From Sharon McGrayne’s The Theory That Would Not Die, about Bayesian statistics (versus frequentism):
The chasm between the two schools of statistics crystallized for [Howard] Raiffa when Columbia professors discussed a sociology student named James Coleman. During his oral examination Coleman seemed “confused and fuzzy . . . clearly not of Ph.D. quality.” But his professors were adamant that he was otherwise dazzling. Using his new Bayesian perspective, Raiffa argued that the department’s prior opinion of the candidate’s qualities was so positive that a one-hour exam should not substantially alter their views. Pass him, Raiffa urged. Coleman became such an influential sociologist that he appeared on both the cover of Newsweek and page one of the New York Times.
Bonus for those interested in standardized tests: How did Raiffa end up as in a position to evaluate James Coleman? The same book tells his academic origin story:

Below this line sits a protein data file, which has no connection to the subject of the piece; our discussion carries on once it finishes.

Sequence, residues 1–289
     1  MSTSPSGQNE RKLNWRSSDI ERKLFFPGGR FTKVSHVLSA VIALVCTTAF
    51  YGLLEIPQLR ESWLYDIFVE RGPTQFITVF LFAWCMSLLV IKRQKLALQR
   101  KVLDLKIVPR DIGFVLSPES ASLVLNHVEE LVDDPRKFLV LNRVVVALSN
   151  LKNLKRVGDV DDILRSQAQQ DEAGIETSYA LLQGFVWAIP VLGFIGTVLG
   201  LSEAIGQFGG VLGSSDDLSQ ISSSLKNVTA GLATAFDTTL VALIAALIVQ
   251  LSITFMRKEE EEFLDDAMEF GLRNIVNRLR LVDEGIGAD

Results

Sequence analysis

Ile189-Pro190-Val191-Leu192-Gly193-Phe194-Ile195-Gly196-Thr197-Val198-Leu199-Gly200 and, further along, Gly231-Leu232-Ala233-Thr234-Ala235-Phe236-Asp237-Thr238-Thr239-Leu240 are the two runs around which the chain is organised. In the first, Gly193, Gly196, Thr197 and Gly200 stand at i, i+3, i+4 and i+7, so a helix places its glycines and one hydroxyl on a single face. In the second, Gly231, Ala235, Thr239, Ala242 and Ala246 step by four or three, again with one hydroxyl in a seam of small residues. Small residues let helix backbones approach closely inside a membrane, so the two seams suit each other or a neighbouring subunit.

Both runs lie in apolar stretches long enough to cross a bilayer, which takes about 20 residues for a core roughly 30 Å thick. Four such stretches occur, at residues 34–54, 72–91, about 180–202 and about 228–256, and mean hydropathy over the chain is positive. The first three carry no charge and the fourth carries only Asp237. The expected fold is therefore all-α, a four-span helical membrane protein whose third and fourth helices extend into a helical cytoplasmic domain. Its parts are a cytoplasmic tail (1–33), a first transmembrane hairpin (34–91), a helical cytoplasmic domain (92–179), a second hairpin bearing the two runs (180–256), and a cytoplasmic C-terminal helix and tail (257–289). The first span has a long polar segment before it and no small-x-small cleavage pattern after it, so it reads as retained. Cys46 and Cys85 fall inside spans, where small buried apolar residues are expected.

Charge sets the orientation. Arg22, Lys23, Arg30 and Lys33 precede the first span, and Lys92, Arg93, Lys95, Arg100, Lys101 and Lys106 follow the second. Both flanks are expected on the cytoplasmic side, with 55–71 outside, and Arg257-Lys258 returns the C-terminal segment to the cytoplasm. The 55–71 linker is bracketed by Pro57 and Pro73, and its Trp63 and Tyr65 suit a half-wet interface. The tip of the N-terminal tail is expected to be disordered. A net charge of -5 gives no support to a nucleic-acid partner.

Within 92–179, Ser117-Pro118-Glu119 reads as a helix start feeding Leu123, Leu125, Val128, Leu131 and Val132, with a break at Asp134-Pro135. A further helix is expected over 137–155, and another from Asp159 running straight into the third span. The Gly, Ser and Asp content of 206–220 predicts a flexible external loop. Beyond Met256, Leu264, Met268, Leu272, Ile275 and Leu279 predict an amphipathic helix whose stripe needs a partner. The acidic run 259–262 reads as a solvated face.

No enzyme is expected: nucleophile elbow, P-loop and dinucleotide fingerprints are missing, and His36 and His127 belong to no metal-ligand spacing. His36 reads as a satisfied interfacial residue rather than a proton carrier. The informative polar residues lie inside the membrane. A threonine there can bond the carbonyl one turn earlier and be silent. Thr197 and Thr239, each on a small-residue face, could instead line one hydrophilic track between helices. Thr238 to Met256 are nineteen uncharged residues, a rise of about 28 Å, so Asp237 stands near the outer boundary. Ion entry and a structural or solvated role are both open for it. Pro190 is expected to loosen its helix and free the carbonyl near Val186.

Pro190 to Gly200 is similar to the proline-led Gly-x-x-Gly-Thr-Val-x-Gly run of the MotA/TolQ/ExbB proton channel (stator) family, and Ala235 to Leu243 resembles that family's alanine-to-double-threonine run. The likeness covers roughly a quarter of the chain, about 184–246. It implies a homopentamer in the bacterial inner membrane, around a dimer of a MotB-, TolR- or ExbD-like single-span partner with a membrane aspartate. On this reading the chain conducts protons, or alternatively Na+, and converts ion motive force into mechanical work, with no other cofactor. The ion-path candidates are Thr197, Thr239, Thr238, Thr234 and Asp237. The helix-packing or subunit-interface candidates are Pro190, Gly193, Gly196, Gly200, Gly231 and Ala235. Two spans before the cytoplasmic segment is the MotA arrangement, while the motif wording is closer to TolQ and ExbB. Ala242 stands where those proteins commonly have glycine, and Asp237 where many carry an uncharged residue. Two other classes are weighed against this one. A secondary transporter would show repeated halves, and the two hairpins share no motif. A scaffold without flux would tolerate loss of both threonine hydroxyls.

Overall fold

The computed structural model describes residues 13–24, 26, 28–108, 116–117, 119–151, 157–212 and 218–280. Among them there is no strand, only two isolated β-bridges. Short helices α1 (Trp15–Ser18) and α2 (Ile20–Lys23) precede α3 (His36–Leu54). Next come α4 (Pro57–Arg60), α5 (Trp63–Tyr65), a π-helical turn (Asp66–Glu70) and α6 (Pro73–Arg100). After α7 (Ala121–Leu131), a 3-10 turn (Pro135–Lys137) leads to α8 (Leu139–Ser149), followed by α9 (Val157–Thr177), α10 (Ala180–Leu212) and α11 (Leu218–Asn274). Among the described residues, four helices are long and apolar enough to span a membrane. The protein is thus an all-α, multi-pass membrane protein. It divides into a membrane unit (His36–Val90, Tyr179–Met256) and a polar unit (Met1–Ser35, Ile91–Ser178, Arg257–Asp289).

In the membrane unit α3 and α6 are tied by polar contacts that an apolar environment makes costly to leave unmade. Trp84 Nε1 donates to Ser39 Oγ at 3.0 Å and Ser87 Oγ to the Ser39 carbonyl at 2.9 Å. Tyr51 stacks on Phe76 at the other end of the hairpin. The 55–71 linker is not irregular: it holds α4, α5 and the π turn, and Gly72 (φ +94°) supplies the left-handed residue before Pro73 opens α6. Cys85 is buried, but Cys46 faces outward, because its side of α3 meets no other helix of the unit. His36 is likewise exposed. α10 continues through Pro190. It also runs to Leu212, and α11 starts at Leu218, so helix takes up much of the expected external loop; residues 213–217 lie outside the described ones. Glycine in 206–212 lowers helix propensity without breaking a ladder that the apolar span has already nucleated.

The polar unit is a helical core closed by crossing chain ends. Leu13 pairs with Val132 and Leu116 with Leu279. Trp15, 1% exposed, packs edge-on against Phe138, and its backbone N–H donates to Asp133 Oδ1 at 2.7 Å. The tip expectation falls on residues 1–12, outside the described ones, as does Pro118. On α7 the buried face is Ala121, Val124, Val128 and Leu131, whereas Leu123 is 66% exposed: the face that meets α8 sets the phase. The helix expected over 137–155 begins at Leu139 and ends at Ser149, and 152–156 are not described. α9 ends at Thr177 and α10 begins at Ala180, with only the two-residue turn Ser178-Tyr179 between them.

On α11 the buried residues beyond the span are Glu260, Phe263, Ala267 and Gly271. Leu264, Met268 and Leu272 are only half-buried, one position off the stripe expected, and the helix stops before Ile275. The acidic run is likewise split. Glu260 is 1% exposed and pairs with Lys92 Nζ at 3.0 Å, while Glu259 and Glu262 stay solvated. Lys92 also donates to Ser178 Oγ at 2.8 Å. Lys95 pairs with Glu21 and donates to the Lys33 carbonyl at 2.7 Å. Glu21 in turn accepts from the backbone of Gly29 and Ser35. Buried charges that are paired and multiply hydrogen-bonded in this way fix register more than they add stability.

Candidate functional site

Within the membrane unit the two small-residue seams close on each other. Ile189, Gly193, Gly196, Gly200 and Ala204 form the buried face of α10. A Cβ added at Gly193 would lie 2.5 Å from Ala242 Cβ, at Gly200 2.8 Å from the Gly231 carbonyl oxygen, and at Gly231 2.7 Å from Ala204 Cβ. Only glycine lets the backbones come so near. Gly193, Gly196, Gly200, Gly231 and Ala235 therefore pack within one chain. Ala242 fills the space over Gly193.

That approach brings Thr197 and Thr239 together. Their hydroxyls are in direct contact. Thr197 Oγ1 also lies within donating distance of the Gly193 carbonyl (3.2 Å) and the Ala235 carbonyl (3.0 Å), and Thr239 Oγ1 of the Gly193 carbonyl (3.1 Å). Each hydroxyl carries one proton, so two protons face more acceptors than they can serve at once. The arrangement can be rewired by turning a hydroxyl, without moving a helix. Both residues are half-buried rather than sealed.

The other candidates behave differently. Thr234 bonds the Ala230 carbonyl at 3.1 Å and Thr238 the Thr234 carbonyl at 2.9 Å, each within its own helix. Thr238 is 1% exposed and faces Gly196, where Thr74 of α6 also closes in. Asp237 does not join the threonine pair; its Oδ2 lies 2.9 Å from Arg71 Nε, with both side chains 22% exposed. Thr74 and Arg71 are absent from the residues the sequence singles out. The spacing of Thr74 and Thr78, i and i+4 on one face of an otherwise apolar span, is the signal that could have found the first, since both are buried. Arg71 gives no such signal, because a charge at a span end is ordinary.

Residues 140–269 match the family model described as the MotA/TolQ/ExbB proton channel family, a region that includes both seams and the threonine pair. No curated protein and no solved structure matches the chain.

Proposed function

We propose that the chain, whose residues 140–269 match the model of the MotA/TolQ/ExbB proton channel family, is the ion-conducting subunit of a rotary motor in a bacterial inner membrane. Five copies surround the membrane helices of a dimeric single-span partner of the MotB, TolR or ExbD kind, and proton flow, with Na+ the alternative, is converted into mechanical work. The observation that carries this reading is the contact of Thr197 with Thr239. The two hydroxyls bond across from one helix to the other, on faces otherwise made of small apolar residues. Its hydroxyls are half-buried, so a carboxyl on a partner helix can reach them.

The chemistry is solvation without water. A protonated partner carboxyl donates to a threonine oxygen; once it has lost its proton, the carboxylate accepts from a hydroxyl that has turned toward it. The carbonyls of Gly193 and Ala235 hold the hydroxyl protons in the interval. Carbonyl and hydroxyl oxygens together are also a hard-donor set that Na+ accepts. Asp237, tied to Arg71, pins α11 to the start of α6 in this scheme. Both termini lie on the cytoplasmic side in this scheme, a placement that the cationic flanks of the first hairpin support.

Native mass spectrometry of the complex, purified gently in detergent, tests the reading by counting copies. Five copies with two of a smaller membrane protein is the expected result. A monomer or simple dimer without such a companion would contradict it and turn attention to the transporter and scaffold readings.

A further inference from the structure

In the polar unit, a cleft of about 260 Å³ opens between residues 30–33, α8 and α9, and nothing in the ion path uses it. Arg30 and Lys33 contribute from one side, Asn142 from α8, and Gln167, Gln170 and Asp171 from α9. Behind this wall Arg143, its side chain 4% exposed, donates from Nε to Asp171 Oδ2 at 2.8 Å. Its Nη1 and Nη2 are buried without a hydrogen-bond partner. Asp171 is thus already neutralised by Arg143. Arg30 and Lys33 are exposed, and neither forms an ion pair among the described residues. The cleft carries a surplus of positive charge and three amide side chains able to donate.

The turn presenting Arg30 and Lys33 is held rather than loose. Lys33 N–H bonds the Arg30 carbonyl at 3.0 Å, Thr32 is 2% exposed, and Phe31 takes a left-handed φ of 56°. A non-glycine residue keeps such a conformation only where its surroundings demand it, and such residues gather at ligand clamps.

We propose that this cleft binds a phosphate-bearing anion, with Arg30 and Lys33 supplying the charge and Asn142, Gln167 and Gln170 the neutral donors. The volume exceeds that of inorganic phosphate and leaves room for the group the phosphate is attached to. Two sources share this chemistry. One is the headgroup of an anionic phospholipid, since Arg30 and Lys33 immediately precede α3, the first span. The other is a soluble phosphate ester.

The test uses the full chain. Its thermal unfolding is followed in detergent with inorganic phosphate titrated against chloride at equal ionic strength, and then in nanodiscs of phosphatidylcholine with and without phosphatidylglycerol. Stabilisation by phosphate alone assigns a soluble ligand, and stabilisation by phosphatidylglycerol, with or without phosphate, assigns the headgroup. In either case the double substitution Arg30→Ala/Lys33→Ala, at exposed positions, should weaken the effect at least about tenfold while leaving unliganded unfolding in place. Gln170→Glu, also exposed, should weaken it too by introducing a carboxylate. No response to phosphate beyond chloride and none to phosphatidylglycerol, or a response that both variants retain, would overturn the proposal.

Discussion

Anti-Semitism finally determined Raiffa’s career choice. One day he overheard his army sergeants saying they wanted to line up America’s Jews on a beach and use them for target practice. Later, real estate agents in Fort Lauderdale, Florida, refused to find housing for Raiffa and his wife because they were Jewish. When a friend told him that engineering and science also discriminated against Jews, Raiffa was prepared to believe it. Then he learned that insurance actuaries were graded on objective, competitive examinations. Seeking a field where competence counted more than religion, Raiffa enrolled in the University of Michigan’s actuarial program… [H]e became a superb and “deliriously happy” student who raced through a bachelor’s degree in mathematics, a master’s degree in statistics, and a doctorate in mathematics in six years between 1946 and 1952.